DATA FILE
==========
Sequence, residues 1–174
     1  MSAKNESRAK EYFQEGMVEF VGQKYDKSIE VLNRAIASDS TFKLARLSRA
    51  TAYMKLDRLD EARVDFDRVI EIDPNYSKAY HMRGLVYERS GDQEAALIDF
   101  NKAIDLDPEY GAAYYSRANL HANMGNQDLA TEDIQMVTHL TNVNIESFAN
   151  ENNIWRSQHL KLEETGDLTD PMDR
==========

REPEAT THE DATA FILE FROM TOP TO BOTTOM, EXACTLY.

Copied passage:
Sequence, residues 1–174
     1  MSAKNESRAK EYFQEGMVEF VGQKYDKSIE VLNRAIASDS TFKLARLSRA
    51  TAYMKLDRLD EARVDFDRVI EIDPNYSKAY HMRGLVYERS GDQEAALIDF
   101  NKAIDLDPEY GAAYYSRANL HANMGNQDLA TEDIQMVTHL TNVNIESFAN
   151  ENNIWRSQHL KLEETGDLTD PMDR